Honored Kid

Alexandra W.

Age 15
Alexandra  W. Kid Photo


Bridgeport, CT, US



Date of Diagnosis

July 2009


In maintenance

Treated At

Children's University Hospital Memorial Sloan Kettering Cancer Center

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My Story

Like many toddlers Alexandra (Saška) is a happy two year old interested in trains, books and working on any puzzle she finds. She loves animals and is fascinated by dinosaurs. Currently she is working on speaking Slovak and English, trying to learn and understand both languages. I still remember the day waiting at the airport as if it was yesterday. July 29th, 2010 was a beautiful, sunny day. First I saw little Alexandra, my niece, sitting on her family’s suitcases at JFK. She looked pale and fragile, still weak from her last chemotherapy, a procedure we later found out was unnecessary. She looked brave and smiled. Her parents braved as well, left everything behind and came to the United States - MSKCC in New York to remove what had been diagnosed in Slovakia as an inoperable tumor in her belly. When I picked her up, somehow I knew and believed that everything would work out for her. Diagnosed at 10 months old with Neuroblastoma stage 4, Saška went through 12 chemotherapies by the time she arrived in the U.S. Running out of options, Saška's parents desperately looked for a surgeon to remove her “inoperable” tumor (as diagnosed by Slovak doctors), because this type of surgery is extremely specialized and it is also very expensive. Their stress mounted along with limited number of surgeons capable of this type of surgery and the money it would take to pay for it. All the while time is ticking for little Alexandra. Fortunately Saška's parents, family and friends raised $130,000 in a short period of time to prepay for the surgery. Everything happened so fast. Saška was accepted as an international patient and successfully underwent surgery removing her tumor on August 9th, 2010. We are forever thankful to Dr. LaQuaglia, Dr. Kushner and everyone on the 9th floor – Pediatrics in Memorial Sloan Kettering Cancer Center. Now, Saška is stable and goes through testing (MRI & MIBG scans every month or two) to monitor and make sure that her cancer does not spread. The next round starts on Monday, March 21st. If her results are positive again, Saška’s parents are preparing to return home to their regular lives and Saška will someday have no memories of chemotherapies, a few hours long surgery or 4 long days in ICU hooked to many tubes and monitors. The surgery was so extensive, that $130,000 covered barely one half of medical costs. We are left with a lot of medical bills to pay and deal with, but it is nothing compared to the happiness and beauty Alexandra brings to our lives every day. I admire my sister and her husband for not giving up and believing that anything is possible. Our family will be forever grateful to people in Slovakia and Slovak people and their friends in the United States and other countries, who were able to help. We know how hard they work for their income and we appreciate generosity more than we could explain. St. Baldrick’s Foundation brings us hope that someday cure will be found and we are very thankful for the hard work and time people spend to support the cause of a full life for the young children who fall to childhood diseases and illness.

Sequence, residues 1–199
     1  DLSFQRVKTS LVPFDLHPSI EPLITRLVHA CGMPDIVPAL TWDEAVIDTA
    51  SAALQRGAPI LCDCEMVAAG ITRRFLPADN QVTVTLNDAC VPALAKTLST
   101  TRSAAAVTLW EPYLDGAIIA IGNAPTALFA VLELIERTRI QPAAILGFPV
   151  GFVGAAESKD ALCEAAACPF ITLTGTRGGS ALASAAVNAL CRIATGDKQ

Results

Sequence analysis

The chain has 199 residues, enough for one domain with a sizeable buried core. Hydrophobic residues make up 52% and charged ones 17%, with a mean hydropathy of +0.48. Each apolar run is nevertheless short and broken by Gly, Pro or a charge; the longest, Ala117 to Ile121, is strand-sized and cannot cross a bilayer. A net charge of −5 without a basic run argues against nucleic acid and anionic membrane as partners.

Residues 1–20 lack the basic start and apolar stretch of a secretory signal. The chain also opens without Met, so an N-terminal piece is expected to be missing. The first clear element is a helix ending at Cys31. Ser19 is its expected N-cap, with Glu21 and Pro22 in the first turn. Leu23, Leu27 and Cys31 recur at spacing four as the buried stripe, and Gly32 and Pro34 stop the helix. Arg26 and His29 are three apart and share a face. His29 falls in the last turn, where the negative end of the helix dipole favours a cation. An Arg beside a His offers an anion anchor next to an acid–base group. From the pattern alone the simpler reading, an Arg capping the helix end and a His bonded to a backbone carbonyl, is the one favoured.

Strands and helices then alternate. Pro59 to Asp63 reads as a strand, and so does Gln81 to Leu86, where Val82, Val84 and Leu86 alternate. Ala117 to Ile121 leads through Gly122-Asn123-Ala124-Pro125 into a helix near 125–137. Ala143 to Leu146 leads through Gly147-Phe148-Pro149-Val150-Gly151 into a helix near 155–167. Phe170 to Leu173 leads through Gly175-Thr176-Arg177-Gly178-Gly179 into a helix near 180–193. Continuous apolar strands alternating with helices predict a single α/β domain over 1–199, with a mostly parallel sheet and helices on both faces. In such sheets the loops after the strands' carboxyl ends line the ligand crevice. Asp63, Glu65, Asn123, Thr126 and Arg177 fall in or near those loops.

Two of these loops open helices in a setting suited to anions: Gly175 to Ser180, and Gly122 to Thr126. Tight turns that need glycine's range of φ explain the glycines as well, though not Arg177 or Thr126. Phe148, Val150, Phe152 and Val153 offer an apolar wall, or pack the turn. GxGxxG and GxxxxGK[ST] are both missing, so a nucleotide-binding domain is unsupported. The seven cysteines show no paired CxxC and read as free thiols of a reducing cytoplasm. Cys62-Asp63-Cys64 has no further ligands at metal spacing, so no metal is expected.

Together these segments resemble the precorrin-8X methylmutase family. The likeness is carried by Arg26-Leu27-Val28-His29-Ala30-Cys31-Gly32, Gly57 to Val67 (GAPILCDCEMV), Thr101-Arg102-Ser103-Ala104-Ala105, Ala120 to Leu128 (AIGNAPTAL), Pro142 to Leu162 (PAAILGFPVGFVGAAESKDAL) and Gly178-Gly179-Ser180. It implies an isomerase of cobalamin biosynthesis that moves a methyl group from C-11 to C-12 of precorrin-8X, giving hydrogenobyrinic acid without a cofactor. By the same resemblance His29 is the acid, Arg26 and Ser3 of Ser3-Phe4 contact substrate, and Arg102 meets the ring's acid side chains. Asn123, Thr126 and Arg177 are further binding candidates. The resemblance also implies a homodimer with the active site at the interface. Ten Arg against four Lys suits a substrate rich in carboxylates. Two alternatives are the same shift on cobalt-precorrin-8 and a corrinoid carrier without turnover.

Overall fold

The Childhood Cancer Ripple Effect

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